For some, Halloween can be a favorite time of year. There’s the rustle and aroma of fallen autumn leaves, crisp fall air, and the preparation of elaborate outside decorations that make trick-or-treaters squeal with excitement. And then, of course, there’s the fun of pumpkin carving.
For Charlie Gobel and his son, Frankie, October has become a time to carve out some festive bonding time together by creating pumpkin masterpieces from intricate design templates patterned after celebrities, as well as things that go bump in the night. The dynamic duo has been perfecting their artistry since they first started this father-son activity almost 20 years ago.
Their unique talents have helped transform the two pumpkin masters into somewhat of a local legend in these parts. Through the years, this team has whipped up some of the scariest, kookiest and funniest creations that have adorned their front stoop and have been the topic of conversation at many a holiday affair.
The father-son team started crafting their art in 1994 as a way to have fun while building the strong bond they have today. “Halloween is one of my favorite times of year, and when Frankie was 3 or 4, I’d carve a typical jack o-lantern and Frankie would help by scooping out the pumpkin seeds. A few years later, we bought a special pumpkin carving kit – and the rest, as they say is history.”
As a divorced dad, Charlie began to see this annual event as more than a one day holiday. “For most people, Halloween is a one day celebration. For Frankie and me, it was another way of spending constructive – and fun – time together,” Charlie remembers. “Our pumpkin carving activities offered almost a month’s worth of fun as we travelled to different pumpkin patches, took in the gorgeous fall foliage; enjoyed hayrides, and worked on Halloween costumes.”
According to Charlie, a finished carving with an elaborate design can take anywhere from two to four hours to complete. “Frankie can get them down in half that time now,” Charlie boasts. “Occasional mistakes can be made, and we have been known to inadvertently slice off a nose or two. We've become pretty good at hiding our mistakes without anyone noticing.”
Here are some basic step-by-step directions on creating a jack o’lantern to remember:
#1-Select the right type of pumpkins to be carved (proper size, smoothness in the front, etc.).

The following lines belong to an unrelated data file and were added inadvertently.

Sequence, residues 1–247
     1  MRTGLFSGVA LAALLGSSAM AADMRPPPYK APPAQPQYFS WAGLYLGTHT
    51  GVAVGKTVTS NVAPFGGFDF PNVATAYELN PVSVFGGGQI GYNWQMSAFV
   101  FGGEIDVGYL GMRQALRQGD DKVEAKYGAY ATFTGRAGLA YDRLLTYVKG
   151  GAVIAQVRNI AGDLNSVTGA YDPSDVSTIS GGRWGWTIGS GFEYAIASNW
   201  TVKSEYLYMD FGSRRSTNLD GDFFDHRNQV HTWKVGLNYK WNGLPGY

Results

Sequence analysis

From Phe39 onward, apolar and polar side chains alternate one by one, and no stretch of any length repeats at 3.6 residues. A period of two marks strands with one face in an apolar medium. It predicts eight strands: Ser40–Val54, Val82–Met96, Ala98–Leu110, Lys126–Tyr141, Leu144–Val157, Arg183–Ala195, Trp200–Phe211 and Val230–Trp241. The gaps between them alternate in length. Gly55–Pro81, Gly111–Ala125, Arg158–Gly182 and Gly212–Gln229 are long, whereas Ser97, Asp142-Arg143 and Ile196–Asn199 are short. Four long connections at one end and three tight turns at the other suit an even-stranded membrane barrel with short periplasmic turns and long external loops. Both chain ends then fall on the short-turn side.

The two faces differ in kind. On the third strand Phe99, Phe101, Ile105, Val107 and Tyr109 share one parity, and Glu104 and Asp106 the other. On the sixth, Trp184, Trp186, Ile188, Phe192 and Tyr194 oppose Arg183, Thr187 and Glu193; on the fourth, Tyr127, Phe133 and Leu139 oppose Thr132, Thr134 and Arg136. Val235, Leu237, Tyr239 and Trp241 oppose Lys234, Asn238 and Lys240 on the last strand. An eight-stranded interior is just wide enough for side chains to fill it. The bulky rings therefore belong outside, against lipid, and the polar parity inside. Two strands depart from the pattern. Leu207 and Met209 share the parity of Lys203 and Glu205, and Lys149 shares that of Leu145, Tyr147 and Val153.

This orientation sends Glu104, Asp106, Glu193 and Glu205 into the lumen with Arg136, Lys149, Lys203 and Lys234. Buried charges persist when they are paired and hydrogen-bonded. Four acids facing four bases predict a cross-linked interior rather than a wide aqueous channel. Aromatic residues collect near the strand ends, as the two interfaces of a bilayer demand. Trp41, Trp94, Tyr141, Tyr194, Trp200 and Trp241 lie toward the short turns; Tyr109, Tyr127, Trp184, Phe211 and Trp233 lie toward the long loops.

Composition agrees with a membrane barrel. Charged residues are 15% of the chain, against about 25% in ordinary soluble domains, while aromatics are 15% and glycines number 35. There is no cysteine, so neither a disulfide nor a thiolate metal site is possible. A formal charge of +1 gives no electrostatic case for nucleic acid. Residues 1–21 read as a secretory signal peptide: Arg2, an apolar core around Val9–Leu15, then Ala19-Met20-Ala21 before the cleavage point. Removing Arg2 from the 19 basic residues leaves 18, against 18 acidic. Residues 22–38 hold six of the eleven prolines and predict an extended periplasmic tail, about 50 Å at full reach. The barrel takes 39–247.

#2-Cut open, and scoop out the pumpkin seeds and "gook" as one would do for a regular jack-o-lantern carving.
#3-"Trim", or shave the inner wall of the pumpkin, against which the carving will be worked-upon on the other side. This can be done with the apparatus used to scoop out the pumpkin seeds. A one inch-in-depth pumpkin wall is a lot easier to carve in a creative way than a two-inch wall.
#4 - Scotch tape the pattern to be used onto the pumpkin.
#5 - Use a "Poker" (a tool provided by most pumpkin carving kits) to poke holes around the pattern. Then remove the pattern from the pumpkin.
#6- Utilize two, different tiny "Saws" (also provided by the kit) too carve the pumpkin, following the holes that were poked on the pumpkin's face.
The Gobel team has almost 500 templates in their inventory. The carvers choose a pattern when the “spirit” moves them. “We’ve scouted more than 40 pumpkin patches in the tri-state area over the years, and we can say that the Pumpkin Patch at the First Congregational Church has had the best pumpkins by far."
Come see their Pumpkin Carving Demo on October 13, from 2-5 PM, at the First Congregational Church's Annual Pumpkin Patch, 109 Continental Avenue, River Edge. (Corner of Kinderkamack Road and Continental Avenue)
If you can't make it, stop by the Pumpkin Patch any day, from October 6-31, mornings until at least 7 PM for your pumpkin or baked treats. In addition, some other planned events include:
- October 20 -- 9 am to 2 PM -- Fall Thrift Sale -- There won't be tricks here, just plenty of treats to choose from, including household items, jewelry, small appliances, toys and clothing.
- October 28 -- 5 PM -- Pumpkin Carving and Pot Luck Dinner -- Come join the fun at our annual pumpkin carving and pot luck dinner that is opened to the public. Just bring a dish to share and a pumpkin (or buy one at the Patch). Guests are also asked to bring their own carving tools.